Coughing. It’s not fun, and we usually just want to make it stop, however, coughing is one of the body’s miraculous ways of getting rid of things it knows shouldn’t be there. Especially in the lungs where air is supposed to be, coughing is the natural mechanism that works to ensure clear airways, so it’s important to distinguish between a cough the body needs to recover from illness and a cough that’s more damaging than beneficial. But how safe are cough syrups anyway? You’ve trusted Mamavation to uncover the latest information about multi-level marketing companies, a thorough inspection of 170 dog foods on the market, and the fact that ADHD and thyroid conditions are linked to fluoride in water. Now jump into the deep end with us as we look closer at the different types of cough treatments, the active ingredients and their functions, and the various OTC products on the market.
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6 Types of Cough Treatments
Cough treatments mainly consist of methods of suppression and discharge of mucus from the lungs, and control of the cough reflex by reducing irritation of receptors in the throat. Treatments come in a range of complexities from the simple use of water all the way up to potentially hazardous pharmaceutical medicines that have long lists of negative side effects. Paying attention to your symptoms is critical because it can be tricky to distinguish between a beneficial cough and a damaging one. The general rule of thumb is that if your cough begins to cause muscle soreness in the torso, dizziness, headache or pain in your neck, it’s probably time to start looking for a cough treatment. Severe, long lasting coughs can cause some unbelievable problems including urinary or bowel incontinence, hemorrhoids, damage to the ribs and abdomen, petechial hemorrhaging, loss of consciousness, stroke, arrhythmia, decreased cardiac output and ruptured spleen. YIKES.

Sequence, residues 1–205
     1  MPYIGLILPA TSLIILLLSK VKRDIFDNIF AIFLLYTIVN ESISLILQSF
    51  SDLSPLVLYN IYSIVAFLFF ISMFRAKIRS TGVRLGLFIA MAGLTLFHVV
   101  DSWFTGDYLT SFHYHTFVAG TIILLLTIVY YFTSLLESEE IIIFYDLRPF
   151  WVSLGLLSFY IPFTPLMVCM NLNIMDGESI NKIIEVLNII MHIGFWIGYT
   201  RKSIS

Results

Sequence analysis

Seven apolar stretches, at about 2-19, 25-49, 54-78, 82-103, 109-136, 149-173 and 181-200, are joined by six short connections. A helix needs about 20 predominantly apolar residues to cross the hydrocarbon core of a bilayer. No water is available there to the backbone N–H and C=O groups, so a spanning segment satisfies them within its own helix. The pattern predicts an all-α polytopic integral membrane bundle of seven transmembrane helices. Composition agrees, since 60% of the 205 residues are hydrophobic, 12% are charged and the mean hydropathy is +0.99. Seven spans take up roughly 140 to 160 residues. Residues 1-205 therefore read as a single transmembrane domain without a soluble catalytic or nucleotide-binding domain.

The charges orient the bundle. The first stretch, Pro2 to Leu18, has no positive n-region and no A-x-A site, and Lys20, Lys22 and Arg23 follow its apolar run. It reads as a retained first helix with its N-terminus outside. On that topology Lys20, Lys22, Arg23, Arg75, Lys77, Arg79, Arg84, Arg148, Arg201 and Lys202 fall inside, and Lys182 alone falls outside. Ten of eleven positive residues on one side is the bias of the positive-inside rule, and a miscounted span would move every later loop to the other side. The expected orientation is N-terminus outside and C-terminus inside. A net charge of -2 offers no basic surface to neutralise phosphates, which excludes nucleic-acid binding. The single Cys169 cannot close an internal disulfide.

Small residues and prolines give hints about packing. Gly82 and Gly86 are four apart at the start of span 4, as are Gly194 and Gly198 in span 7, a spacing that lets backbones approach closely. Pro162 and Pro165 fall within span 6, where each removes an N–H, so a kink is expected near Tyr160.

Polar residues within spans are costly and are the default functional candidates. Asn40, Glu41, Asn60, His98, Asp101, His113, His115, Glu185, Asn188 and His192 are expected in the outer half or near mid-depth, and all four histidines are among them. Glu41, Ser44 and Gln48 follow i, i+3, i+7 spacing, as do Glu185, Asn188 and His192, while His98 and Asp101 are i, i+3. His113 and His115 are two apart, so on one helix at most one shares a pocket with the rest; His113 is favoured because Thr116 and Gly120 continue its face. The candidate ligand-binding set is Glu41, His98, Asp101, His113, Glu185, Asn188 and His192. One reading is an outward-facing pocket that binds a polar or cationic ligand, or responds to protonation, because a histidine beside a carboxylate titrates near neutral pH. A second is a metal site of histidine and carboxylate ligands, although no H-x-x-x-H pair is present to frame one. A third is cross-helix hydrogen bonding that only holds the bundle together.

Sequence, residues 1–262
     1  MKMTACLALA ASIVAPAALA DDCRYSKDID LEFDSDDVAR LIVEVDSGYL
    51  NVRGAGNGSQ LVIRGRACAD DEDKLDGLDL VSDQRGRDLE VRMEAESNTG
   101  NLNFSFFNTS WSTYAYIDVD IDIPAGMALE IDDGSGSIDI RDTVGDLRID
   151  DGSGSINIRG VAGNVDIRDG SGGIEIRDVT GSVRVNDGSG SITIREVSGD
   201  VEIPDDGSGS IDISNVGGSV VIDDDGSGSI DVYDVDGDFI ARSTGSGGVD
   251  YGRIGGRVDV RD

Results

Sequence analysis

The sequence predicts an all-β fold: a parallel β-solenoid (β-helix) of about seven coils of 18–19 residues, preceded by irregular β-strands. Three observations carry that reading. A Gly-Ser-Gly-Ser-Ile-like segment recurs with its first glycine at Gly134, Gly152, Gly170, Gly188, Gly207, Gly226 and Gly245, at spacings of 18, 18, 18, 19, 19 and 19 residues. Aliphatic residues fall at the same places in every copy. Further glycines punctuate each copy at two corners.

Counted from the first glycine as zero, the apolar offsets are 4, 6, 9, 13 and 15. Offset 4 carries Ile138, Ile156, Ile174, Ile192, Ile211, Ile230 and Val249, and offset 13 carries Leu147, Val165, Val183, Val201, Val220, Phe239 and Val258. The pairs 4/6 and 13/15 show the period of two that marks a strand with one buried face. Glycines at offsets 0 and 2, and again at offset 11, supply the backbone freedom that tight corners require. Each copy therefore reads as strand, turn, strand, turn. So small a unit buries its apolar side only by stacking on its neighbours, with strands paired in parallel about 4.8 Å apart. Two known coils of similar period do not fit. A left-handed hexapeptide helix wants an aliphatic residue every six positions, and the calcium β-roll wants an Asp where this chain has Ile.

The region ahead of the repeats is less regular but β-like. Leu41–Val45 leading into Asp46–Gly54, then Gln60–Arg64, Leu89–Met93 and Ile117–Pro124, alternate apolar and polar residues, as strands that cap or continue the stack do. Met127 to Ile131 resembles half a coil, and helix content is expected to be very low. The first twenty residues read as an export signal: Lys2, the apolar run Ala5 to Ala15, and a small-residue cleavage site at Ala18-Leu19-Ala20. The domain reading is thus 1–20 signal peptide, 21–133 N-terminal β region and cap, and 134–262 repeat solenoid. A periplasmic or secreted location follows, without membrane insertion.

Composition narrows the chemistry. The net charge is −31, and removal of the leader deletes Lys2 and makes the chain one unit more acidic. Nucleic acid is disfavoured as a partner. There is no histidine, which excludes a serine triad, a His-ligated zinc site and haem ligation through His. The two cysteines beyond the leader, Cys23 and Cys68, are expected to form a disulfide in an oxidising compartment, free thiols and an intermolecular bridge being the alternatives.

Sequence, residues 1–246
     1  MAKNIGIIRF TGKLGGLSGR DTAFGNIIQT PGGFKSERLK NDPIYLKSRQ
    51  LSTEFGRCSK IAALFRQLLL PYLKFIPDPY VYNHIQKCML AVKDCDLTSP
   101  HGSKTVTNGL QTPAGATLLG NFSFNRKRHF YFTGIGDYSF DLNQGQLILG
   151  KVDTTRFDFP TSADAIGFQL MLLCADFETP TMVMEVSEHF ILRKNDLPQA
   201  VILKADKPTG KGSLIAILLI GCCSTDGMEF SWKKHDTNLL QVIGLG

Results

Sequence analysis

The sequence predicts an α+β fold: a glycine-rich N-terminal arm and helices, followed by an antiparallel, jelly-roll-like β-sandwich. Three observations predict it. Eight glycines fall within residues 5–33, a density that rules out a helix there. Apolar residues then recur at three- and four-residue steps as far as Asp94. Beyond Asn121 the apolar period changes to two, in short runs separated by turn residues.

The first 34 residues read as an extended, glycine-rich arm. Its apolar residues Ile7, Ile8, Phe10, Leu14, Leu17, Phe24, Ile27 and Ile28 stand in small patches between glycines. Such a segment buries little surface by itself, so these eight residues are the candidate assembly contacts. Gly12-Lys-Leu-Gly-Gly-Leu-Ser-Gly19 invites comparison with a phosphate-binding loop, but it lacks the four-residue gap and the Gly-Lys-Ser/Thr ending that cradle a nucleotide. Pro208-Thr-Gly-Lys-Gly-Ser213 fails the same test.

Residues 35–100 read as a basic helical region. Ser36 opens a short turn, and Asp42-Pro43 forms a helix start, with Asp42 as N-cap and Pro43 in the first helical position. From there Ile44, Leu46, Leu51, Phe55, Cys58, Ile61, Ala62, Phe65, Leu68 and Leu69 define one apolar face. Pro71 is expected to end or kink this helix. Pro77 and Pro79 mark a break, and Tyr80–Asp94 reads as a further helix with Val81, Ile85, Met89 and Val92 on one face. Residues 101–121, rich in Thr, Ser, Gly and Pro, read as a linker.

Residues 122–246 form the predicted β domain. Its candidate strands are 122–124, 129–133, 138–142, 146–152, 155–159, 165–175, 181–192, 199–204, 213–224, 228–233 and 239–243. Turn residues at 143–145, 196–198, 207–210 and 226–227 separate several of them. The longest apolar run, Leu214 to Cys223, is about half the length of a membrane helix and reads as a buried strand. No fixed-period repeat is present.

Overall, we recommend beginning treatment for the underlying issue of your cough before it becomes a major problem. This way, the illness causing the cough is remedied which eliminates the body’s need to utilize the coughing mechanism in the first place and prevents the progression to damage and delayed recovery.
For the specifics on methods of cough treatment, we simplified and summarized the cache of information we found in this article. These are the 6 different approaches, ranging from simple treatments that work on the surface of the throat to medication-based treatments that affect entire systems inside the body.
- demulcents are the most simple cough treatments and are generally effective right at the larynx and include drinking water, using a vaporizer, and eating lemon or honey to provide a coating on mucous membranes and cough receptors which helps prevent irritation in the throat and activation of the cough reflex.
- anesthetic cough drops and sprays contain medicines like benzocaine and lidocaine that numb cough receptors which prevents them from activating as often, however, there are notable side effects include numbness in the mouth and throat, stomach upset, diarrhea and loss of appetite.